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Indiana Historical Bureau

". . . a little less flattery and a little more justice" - Bibliography ". . . a little less flattery and a little more justice" - Bibliography

A Note Regarding Resources: Items are listed on this page that enhance work with the topic discussed. Some older items, especially, may include dated practices and ideas that are no longer generally accepted. Resources reflecting current practices are noted whenever possible

Student Reading

Ash, Maureen. The Story of the Women’s Movement. Chicago: Childrens Press, 1989.
Ash provides an easy-to-read story of the early women’s movement. The information is very basic, and the index is limited. It is good for beginning students.

Gurko, Miriam. The Ladies of Seneca Falls: The Birth of the Woman’s Rights Movement. New York: Macmillan Publishing Co., Inc., 1974.
General background and information on early leaders of the women’s movement is presented in a very readable style. This is a good source for advanced students and adults.

Warren, Ruth. A Pictorial History of Women in America. New York: Crown Publishers, Inc., 1975.
Warren shows, through pictures and text, the difficulties women have had in America in their struggle to receive an adequate education, to gain the right to vote, and even to wear comfortable clothing. The text is brief and informative for interested students.

Advanced Reading

Bennett, Pamela J., and Shirley S. McCord, comp. Progress after Statehood: A Book of Readings. Indianapolis: Indiana Historical Bureau, 1974.
A section on “Women” prints several primary sources, including items on bloomers (1853), equal pay (1858), and suffrage conventions (1869, 1870).

Debates. See Report.

Evans, Sara M. Born for Liberty: A History of Women in America. New York: The Free Press, 1989.
A highly readable general survey of women in the history of the United States.

Journal of the Convention of the People of the State of Indiana to Amend the Constitution. Indianapolis: Indiana Historical Bureau, reprint, 1936.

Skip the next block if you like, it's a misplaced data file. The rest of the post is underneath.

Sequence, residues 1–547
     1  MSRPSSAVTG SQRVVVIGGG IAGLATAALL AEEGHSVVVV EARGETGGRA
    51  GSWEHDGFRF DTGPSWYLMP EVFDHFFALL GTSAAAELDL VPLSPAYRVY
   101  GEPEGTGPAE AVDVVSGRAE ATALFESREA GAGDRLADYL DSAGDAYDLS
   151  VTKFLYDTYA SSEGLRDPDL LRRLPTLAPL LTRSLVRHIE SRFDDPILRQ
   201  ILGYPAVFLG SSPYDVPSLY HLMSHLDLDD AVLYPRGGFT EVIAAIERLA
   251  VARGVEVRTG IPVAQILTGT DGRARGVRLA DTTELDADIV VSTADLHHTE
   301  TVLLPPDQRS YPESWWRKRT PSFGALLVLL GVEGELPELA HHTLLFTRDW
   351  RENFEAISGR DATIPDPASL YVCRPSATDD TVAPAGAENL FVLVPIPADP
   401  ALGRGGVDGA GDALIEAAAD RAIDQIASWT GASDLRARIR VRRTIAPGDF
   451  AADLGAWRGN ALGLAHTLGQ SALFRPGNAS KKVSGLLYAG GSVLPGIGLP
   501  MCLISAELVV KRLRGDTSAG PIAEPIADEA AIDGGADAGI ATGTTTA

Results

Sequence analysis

Reports the official activity of the 1850 Constitutional Convention.

Kettleborough, Charles. Constitution Making in Indiana, Vol. 1, 1780-1851, Vol. 2, 1851-1916. Indianapolis: Indiana Historical Bureau, reprints, 1971 and 1975.
Provides the text for constitutional documents, including resolutions, and some analysis and commentary. An invaluable source. There are four volumes, which cover through 1960.

Leopold, Richard W. Robert Dale Owen: A Biography. Cambridge: Harvard University Press, 1940.
A standard work, written using contemporary letters and periodicals.

Myres, Sandra L. Westering Women and the Frontier Experience, 1800-1915. Albuquerque: University of New Mexico Press, 1982.
Myres uses primary documents to detail the lives of women on the frontier.

Report of the Debates and Proceedings of the Convention for the Revision of the Constitution of the State of Indiana. 1850. Indianapolis: Indiana Historical Bureau, reprint, 1935.
Includes complete speeches and is a valuable resource regarding public opinion of the time regarding issues discussed.

Riley, Glenda. Inventing the American Woman: A Perspective on Women’s History, Vol.1,1607-1877, Vol. 2, 1865 to the Present. Arlington Heights, IL: Harlan Davidson, Inc., 1986.
An excellent general survey.

Walsh, Justin E. The Centennial History of the Indiana General Assembly, 1816-1978. Indianapolis: Indiana Historical Bureau, 1987.
Extremely valuable and readable account of issues and events involving the Indiana General Assembly.

Woloch, Nancy. Women and the American Experience. New York: Alfred A. Knopf, Inc., 1984.
Excellent coverage of Frances Wright and the Owens’ New Harmony experiment. Includes excellent background information about and analysis of women’s roles from the seventeenth century to the 1980s.

Of Special Interest

Freetown Village, an acting troupe portraying African-American life in the 1870s, is touring a new production, Whose Rights Are Right, during 1993. This play deals with black women’s rights. Call 317-631-1870 for more information.

The annual catalog of the National Women’s History Project provides a wide selection of books and materials. Contact the Project, 7738 Bell Road, Windsor, CA 95492-8515; 707-838-6000.

Entire Issue

". . . a little less flattery and a little more justice."